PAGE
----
Jump to content

High Score (Netflix Docu Series 2020)


Recommended Posts

Sorry if there's another thread about this somewhere on the forum - I guess it would fit into several places.

I'm really enjoying this, only watched the first 2 episodes. What surprises me is that theres a lot of stories I haven't heard before , and material I haven't seen. Considering they are talking about very mainstream gaming stuff so far (Space Invaders, Mario) , I was expecting it to just be rehashed stuff I've seen in loads of documentaries before. For example the "Nintendo counselors" playing games blind and hand-drawing maps so they could give US players tips and help with finishing them. 

 

It really feels like people are starting to take videogame history seriously as culturally important these days. I'd love to see follow-up series focusing on the European and Asian stories. 

Link to post
Share on other sites

I enjoyed it, though it's a very US-centric take on it all again. There's an episode coming up about Sega where they only ever refer to the Genesis: the words "Mega" and "Drive" are not uttered even once (except for once, when someone is speaking Japanese, IIRC). And there's no mention of the Master System at all.

 

But it's still a very enjoyable show!

Link to post
Share on other sites
41 minutes ago, ulala said:

ive seen the first episode, and fear that we are about to have the "video game crash". 

 

 

Seen up to the end of episode 3 and so far it hasn't been mentioned I don't think, which is refreshing. 

But yeah it's probably coming up. 

But what I like about this show, as I said, is that it does seem to be going for less well explored stories, to some extent. 

Link to post
Share on other sites

I've been enjoying this a lot, other than the emphasis on videogame competitions. The first of these stories (about the Space Invaders comp) was cool, but they keep devoting massive stretches of episodes to interviewing/following at length one particular competitor per competition they cover. I really didn't need half of the fighting games episode to be devoted to a guy who won a Street Fighter competition, or the Sega vs Nintendo episode to concentrate so much on the guy who won the Sonic The Hedgehog competition. This time and effort would have been much better spent on further interesting industry stories.

 

The only other issue (for me!) is that my 7 year old has been loving the show and it seemed totally fine for him in the early going (and very cool for him to learn about the history of videogames), but the next episode is the one about violent shooters so I may have to pull the plug!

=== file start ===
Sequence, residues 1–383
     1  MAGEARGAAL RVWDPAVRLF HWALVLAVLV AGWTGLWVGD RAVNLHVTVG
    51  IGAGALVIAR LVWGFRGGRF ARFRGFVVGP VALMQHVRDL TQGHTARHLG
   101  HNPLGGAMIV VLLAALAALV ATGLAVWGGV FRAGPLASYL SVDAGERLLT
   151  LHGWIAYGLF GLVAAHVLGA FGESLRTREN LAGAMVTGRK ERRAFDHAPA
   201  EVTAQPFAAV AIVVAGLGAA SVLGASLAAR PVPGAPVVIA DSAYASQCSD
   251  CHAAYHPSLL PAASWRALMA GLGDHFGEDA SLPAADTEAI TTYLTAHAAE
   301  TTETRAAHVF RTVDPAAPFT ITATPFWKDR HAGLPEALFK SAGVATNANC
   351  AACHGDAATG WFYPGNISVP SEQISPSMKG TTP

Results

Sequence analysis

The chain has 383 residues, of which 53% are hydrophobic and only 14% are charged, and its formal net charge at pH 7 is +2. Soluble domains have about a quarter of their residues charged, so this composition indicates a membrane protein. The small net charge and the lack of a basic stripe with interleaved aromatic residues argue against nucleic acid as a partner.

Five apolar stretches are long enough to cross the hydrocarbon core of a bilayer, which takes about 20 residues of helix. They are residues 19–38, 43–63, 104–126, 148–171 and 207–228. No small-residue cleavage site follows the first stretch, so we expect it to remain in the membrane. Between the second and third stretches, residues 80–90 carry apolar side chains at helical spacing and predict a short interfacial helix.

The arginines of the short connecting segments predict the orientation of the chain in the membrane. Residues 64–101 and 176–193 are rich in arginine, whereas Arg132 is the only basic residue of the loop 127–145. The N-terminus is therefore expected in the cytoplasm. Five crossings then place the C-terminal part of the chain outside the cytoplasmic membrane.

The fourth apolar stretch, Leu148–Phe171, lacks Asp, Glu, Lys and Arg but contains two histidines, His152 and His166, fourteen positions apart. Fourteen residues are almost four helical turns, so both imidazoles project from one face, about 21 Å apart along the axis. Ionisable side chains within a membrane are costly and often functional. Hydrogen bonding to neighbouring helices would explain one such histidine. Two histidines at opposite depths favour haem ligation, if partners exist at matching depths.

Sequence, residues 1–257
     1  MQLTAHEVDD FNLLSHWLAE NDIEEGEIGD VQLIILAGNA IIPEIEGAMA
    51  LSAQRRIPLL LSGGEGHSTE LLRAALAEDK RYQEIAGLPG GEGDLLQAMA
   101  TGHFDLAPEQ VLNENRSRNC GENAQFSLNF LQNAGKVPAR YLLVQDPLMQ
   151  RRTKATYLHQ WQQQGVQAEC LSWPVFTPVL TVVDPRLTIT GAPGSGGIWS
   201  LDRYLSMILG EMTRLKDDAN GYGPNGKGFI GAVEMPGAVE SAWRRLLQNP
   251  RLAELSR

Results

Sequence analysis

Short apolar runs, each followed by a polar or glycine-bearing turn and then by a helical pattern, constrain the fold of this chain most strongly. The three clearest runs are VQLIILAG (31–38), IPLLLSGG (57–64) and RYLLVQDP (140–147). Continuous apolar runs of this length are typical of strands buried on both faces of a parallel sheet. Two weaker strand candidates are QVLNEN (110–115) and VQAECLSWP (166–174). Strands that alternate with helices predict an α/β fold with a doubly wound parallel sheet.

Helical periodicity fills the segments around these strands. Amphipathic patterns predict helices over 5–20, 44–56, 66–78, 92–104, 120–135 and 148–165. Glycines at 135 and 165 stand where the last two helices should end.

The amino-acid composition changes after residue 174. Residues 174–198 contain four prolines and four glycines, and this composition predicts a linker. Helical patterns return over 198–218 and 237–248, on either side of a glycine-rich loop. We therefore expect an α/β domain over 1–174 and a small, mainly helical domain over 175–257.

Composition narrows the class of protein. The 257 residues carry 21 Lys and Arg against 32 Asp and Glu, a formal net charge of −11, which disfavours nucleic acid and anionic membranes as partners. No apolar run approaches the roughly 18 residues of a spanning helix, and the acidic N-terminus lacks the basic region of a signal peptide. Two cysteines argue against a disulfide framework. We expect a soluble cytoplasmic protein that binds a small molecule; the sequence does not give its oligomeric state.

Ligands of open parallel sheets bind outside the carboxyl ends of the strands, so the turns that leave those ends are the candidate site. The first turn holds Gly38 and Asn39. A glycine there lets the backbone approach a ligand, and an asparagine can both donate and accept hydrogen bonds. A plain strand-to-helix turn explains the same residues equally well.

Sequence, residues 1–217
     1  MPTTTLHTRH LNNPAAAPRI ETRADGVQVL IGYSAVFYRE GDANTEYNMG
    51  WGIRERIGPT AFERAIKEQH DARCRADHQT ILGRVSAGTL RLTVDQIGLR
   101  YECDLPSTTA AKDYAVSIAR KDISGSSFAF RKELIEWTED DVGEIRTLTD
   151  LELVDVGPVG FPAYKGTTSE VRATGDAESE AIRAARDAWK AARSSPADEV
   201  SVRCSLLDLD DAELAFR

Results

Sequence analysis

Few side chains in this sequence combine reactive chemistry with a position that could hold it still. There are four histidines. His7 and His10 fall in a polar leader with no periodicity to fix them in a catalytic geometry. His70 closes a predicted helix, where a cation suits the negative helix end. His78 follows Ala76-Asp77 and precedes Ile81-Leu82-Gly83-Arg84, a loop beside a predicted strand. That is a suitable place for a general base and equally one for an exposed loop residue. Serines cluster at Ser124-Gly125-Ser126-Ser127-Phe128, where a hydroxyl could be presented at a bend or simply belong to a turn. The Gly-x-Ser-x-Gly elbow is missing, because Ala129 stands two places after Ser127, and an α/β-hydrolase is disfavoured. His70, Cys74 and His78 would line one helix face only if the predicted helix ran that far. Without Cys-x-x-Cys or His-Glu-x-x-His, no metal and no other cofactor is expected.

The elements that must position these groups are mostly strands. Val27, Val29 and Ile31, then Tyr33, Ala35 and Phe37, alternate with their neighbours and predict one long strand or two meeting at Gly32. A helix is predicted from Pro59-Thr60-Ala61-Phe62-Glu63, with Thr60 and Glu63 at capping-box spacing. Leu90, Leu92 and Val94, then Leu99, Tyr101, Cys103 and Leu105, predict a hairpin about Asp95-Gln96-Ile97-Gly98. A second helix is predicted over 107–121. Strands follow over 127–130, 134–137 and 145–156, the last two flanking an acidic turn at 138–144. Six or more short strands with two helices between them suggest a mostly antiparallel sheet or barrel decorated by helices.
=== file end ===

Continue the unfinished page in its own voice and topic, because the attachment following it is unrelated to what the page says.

Hey, I'm sure they would never do this, but going through the timeline again and this time concentrating on British game development and the industry in general over here, would make for an excellent season 2.

Link to post
Share on other sites
22 minutes ago, Anne Summers said:

Seen up to the end of episode 3 and so far it hasn't been mentioned I don't think, which is refreshing. 

But yeah it's probably coming up. 

But what I like about this show, as I said, is that it does seem to be going for less well explored stories, to some extent. 

 

There's a bit about the crash at the end of Episode 1 (the episode is called 'Boom and Bust'!) and Gail Tilden mentions it in Episode 2 when talking about the launch of the NES. There's no real explanation for it other than there being "a wave of crappy games" and kids getting bored with games. 

 

I'm enjoying it for the most part (I'm part-way through E3), but I think it could have been put together better. There's no coherent story, just snapshots of things. I guess it could be argued that they've focused on a diversity of people and looked at some stories that don't usually get told though.

Link to post
Share on other sites

Very hit and miss for me. Half very enjoyable, half very dull. Very very unfocused too. The devotion of time to competitions is bizarre, a good quarter of an episode is devoted to some kid getting taken to a mall to play a game to win prizes. It’s completely meaningless and boring. I think they are trying in some way to show the history of esports but it’s hardly the same thing. They should spend more time focusing on those involved in the creation of these games, the interviews with those people have been the most interesting moments. 

Link to post
Share on other sites
1 hour ago, ulala said:

“Mystery house was the first video game that had graphics”

 

riiiiiiiight 

 

In her defence, she said computer game. :PWhich is still wrong of course, but I think Roberta meant the first Adventure computer game that had graphics.

 

Or she knew exactly what she was saying and wants to be remembered for more than she already is.

 

Either way, a lot of people are going to think her and Ken made the computer game with graphics now. Netflix have even made a clip of it with the badly titled The First Computer Graphics Game.